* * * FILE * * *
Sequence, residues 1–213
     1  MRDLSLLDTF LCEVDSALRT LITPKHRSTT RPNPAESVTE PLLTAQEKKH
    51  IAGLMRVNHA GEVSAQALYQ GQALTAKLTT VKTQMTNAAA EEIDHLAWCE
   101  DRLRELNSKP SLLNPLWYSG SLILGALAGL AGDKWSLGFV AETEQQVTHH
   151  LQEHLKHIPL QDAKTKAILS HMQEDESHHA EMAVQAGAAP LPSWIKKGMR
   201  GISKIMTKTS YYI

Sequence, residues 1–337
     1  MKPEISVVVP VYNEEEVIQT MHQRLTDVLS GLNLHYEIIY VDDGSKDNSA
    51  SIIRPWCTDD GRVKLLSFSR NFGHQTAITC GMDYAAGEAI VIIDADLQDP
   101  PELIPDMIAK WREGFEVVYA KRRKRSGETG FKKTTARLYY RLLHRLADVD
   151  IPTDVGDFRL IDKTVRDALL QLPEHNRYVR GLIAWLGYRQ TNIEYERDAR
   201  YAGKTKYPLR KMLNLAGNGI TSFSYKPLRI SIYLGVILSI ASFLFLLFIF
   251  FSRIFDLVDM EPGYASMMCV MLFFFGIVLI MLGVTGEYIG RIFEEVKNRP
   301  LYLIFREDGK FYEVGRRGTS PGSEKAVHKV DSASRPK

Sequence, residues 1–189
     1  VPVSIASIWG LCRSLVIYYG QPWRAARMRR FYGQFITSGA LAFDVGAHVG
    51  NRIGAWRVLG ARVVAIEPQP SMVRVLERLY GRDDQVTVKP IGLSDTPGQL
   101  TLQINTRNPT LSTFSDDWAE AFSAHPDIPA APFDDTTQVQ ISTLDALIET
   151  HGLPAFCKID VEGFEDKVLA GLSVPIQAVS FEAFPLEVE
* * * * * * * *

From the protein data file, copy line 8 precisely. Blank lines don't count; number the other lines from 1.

     1  MKPEISVVVP VYNEEEVIQT MHQRLTDVLS GLNLHYEIIY VDDGSKDNSA